UCLA defeats Long Beach State for second straight NCAA men's volleyball title

UCLA players raised the NCAA championship trophy to each corner of the Walter Pyramid. While most of Long Beach State’s sellout crowd had emptied before the Bruins could begin their championship celebration, large swaths of blue-and-gold clad fans still remained. They chanted.

“Back-to-back! Back-to-back!”

Top-seeded UCLA defended its national championship with a four-set win over No. 2 Long Beach State in Walter Pyramid on Saturday. The Bruins won their 21st NCAA title in program history and completed their first repeat bid since 1996, sending the decorated senior class that ended UCLA’s almost two-decade title drought off with a matching set of championships.

“It took a long time to get one at UCLA,” UCLA coach John Speraw said. “Now they got two.”

When Long Beach State’s Skyler Varga tipped an attack out of bounds on match point, UCLA celebrated the 25-21, 25-20, 27-29, 25-21 win by rushing the court. Middle blocker Guy Genis and outside hitter Cooper Robinson fell to the bottom of the dog pile. Speraw raised both fists as he leaned back to look at the rafters.

On the other side of the net, Long Beach State’s DiAeris McRaven stood frozen with his hands on his hips. He dropped his head. Teammate Simon Torwie pulled him into the Long Beach State huddle.

Torwie, who was named to the all-tournament team with eight kills, five blocks and an ace in the championship game, was part of a group of Long Beach seniors who played in three consecutive national semifinals and advanced to the championship match twice, although the program couldn’t secure its first national title since 2019.

“They are champions to me,” Long Beach coach Alan Knipe said. “They are unbelievably a great group of men, on and off the court. … I could be happier for them, but I absolutely could not be prouder.”


Senior Clarke Godbold helped Long Beach State (27-3) build momentum late in the second set despite falling behind 2-0 in the match. The honorable mention All-American came off the bench with three kills and two blocks in the second set then saved the Beach in the third with a kill on UCLA’s championship point. He doubled down with a second consecutive kill that gave Long Beach State its first set point. The Beach needed four chances to close out the set, finally clinching on a solo block by McRaven.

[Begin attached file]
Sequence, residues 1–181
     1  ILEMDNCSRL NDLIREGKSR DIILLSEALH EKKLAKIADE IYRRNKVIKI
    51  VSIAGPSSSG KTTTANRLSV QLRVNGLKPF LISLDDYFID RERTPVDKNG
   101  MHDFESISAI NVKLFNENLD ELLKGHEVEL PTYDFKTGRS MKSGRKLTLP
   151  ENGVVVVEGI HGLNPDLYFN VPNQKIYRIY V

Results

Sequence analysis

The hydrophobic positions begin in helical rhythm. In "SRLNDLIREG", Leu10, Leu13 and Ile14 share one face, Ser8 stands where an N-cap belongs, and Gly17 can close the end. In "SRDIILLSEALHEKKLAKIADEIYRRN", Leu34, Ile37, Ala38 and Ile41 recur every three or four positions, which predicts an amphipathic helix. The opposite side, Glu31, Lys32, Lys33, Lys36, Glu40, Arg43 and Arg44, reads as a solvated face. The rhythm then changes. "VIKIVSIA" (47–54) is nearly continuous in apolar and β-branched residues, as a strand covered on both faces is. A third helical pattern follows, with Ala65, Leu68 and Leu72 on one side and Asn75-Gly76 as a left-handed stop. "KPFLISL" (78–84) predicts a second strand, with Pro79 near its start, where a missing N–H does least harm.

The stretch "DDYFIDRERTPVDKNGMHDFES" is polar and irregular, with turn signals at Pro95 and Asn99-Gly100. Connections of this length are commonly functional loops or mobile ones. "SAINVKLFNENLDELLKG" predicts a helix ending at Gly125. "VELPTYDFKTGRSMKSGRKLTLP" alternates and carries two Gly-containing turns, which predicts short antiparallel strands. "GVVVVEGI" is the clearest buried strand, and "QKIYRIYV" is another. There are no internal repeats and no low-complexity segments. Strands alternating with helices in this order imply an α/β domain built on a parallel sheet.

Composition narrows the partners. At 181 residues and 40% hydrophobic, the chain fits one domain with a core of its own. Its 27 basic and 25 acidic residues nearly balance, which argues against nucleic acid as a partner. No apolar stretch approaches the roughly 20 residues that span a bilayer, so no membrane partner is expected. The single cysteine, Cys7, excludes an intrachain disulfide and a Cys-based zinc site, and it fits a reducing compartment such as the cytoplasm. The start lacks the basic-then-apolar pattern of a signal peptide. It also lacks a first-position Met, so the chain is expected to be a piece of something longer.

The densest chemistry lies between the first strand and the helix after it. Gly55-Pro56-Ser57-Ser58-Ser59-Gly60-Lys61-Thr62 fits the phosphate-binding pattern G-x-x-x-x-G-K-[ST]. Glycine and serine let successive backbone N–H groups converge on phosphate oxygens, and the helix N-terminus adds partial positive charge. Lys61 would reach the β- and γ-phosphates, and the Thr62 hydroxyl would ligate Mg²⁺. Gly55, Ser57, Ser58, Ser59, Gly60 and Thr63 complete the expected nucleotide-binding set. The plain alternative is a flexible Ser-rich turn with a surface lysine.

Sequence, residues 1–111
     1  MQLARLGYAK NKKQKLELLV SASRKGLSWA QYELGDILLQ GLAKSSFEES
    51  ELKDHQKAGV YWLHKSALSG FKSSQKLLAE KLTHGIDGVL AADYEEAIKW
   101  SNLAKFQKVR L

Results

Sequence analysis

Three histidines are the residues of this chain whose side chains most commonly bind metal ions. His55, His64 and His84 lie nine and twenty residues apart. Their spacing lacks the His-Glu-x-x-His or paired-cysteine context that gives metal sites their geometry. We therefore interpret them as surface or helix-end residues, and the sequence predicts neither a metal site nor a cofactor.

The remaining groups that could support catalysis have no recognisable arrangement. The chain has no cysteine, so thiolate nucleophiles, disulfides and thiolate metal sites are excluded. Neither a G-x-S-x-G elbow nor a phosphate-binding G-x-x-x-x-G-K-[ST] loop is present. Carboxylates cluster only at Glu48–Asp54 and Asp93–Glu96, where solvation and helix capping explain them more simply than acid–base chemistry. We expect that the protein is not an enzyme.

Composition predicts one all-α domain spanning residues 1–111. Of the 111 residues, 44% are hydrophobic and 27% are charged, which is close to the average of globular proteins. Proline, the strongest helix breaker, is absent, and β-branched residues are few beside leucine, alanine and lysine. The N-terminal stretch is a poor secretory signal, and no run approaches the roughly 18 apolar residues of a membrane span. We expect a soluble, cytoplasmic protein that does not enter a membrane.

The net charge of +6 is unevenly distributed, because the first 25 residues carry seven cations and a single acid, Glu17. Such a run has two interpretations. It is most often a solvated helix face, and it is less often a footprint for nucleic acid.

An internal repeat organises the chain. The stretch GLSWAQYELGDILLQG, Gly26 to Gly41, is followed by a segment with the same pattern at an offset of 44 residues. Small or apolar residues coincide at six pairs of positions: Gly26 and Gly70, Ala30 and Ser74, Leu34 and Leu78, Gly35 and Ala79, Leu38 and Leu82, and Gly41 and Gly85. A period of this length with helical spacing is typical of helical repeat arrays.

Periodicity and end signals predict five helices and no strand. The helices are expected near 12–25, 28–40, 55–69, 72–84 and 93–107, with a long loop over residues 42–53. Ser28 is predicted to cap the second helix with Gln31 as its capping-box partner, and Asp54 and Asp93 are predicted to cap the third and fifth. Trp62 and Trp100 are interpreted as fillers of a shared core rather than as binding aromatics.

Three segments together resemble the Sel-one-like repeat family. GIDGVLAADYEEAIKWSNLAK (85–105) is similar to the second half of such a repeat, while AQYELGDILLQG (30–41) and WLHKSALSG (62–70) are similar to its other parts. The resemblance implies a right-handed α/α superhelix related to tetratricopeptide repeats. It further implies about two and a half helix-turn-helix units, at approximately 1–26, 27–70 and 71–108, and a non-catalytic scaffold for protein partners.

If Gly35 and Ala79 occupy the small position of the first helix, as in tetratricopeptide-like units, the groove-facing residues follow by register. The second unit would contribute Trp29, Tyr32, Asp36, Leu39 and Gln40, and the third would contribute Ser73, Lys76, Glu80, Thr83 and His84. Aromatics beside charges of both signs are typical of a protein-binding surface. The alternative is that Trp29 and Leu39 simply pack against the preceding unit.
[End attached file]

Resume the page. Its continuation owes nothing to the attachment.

Then UCLA called on its own super sub. Sophomore Zach Rama delivered three kills in the final six points to break a 20-20 tie in the decisive fourth set. Caught near the bottom of the celebratory dog pile, the outside hitter from Phoenix slapped the ground with his hand with Robinson’s arm wrapped around his neck.

“I figured there might be a time this weekend when it would be Rama time,” Speraw said, “and it was the right time.”

UCLA senior Ethan Champlin was named NCAA tournament most outstanding player after leading the Bruins with 15 kills and six blocks in the championship match. With shaky hands and watery eyes, he struggled to loosen the back of his championship hat to fit it over his brown hair. He was breathless at the postgame news conference, whispering through a raspy voice with his shoulders slumped in exhaustion.

“There’s a phrase that goes ‘All gave some, some gave all.’ I didn’t have anything left to give that fourth set,” Champlin said while leaning both elbows on the table. “I was trying my best to have some energy. I was lightheaded, I couldn’t feel my legs. … To be here with this guys, it means a lot.”

UCLA outside hitter Ethan Champlin, top, tries to hit over Long Beach State's DiAeris McRaven (19) and Aidan Knipe.

UCLA’s Ethan Champlin, top, hits over Long Beach State’s DiAeris McRaven (19) and Aidan Knipe (5) during the Bruins’ championship victory Saturday.

(Ross Turteltaub / UCLA Athletics)

The Bruins continued a run of six consecutive champions to win back-to-back titles, but it didn’t come without struggles. Returning all starters except for their libero, the Bruins dropped two matches in January.

But the Bruins reminded themselves what was most important. It wasn’t about being the best team in February, middle blocker Merrick McHenry said. In some ways, it was about being the grimiest team.

Taking inspiration from Speraw’s history as a microbiology and molecular genetics major at UCLA, the Bruins tried to channel the strength of a sewer rat, whose immune system is built through surviving the toughest of conditions.

“We want to wallow in the muck and crap and be able to come out on the other side,” Speraw said, “and not be bothered by anything that isn’t important.”

After wallowing through the season, the Bruins walked out of the Pyramid with their championship T-shirts, hats and trophy.

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